PsycINFO focuses on psychology, behavioral sciences, mental health, neurosciences, social issues, etc. This is the place to start for research questions around mental health, but don't think about it only in terms of the DSM. It is also useful for questions around developmental psychology, and social psychology, etc.
PsycINFO has its own Thesaurus (subject headings), similar to MeSH in PubMed, that can be used for advanced searching. In addition to journal articles, PsycINFO includes conference proceedings, book chapters, and newsletters so you may want to use the "Peer Reviewed" limit for your searches.
Types of Sources: Journal literature; search results include primary and secondary sources
PubMed is best used for researching clinical questions when you want to read the clinical studies that support practice. If your learning issue addresses diagnosis, treatment, prognosis, or etiology, PubMed is the perfect place to find the clinical research articles. It also includes a lot of literature on the bench science side of biomedical sciences (microbiology, immunology, molecular biology, genetics, etc). However, if your learning issue is mechanism-focused you may also want try to Web of Science.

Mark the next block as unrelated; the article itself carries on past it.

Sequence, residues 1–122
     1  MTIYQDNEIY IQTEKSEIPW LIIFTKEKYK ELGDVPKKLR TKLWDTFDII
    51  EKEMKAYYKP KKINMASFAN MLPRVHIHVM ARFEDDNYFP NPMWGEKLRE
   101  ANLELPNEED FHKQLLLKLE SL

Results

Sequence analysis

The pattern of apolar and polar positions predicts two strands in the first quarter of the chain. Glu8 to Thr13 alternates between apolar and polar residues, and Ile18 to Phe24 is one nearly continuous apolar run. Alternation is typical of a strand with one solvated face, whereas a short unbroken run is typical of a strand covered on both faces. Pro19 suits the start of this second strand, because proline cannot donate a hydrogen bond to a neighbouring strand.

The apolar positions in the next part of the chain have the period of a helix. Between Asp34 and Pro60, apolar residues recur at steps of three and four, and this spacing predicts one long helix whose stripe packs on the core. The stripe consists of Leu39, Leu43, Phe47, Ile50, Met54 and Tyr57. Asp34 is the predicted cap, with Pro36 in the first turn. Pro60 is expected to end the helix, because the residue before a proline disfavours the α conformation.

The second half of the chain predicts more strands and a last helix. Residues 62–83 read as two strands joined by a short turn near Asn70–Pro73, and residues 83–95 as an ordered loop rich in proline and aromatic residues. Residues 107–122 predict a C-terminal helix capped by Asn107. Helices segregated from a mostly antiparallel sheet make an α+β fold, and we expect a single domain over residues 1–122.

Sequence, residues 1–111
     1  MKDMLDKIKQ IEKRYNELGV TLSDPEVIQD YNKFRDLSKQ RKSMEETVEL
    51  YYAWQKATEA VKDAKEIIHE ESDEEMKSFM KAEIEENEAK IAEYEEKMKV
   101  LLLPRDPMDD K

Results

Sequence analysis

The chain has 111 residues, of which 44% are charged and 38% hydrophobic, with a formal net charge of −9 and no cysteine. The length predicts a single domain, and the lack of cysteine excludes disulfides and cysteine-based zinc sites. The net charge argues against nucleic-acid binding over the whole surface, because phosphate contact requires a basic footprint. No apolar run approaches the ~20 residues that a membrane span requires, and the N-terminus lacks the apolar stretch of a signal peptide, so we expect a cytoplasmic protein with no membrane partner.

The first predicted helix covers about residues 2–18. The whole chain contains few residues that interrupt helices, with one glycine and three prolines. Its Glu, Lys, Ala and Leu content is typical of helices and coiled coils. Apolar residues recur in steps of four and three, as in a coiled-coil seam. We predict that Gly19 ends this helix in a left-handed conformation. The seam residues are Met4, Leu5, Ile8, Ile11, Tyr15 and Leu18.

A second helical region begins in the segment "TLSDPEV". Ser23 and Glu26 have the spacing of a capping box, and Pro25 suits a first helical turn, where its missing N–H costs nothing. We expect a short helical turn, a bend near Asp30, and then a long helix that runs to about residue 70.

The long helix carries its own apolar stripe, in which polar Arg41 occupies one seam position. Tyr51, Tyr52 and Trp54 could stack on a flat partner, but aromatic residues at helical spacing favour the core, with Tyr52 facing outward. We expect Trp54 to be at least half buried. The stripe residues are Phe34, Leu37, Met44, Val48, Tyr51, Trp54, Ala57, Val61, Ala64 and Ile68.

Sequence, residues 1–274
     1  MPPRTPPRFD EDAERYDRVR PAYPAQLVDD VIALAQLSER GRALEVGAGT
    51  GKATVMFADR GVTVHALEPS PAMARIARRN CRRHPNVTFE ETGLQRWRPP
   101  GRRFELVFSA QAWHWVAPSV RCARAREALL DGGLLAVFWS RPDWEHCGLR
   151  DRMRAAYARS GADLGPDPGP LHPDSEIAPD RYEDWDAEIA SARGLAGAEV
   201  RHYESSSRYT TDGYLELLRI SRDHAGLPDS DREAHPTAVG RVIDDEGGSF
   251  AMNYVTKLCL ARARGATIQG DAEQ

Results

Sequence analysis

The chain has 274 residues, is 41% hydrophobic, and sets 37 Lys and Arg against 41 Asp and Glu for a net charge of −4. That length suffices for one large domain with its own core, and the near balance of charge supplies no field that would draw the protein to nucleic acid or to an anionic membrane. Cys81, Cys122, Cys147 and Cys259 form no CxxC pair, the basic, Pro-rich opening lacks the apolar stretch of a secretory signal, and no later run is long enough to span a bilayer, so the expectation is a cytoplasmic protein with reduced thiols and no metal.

Types of Sources: Primarily journal articles; search results include primary and secondary sources
Web of Science is a large, multidisciplinary database. Because of its broad subject coverage, it works well for interdisciplinary topics. For example, when your biomedical question includes a component in economics, business, chemistry, biotechnology, engineering, etc. It overlaps with most of the literature found in PubMed, but some researchers prefer the Web of Science search interface for biomedical science topics. Because Web of Science covers so many subject areas, it does not have the controlled terminology that PubMed, CINAHL, and PsycINFO have to facilitate advanced searching.
Types of Sources: Cochrane Reviews are secondary sources
The Cochrane Library includes a database of systematic reviews. These systematic reviews look at a specific question, attempt to gather all primary research on that topic, evaluate the research using strict guidelines, and assess whether or not there is conclusive evidence to support specific practices (e.g. a treatment or intervention). There are just over 10,000 Cochrane Reviews to date so there will not be one for every question. This is a great place to start, but don't worry if you can't find a review that fits your topic.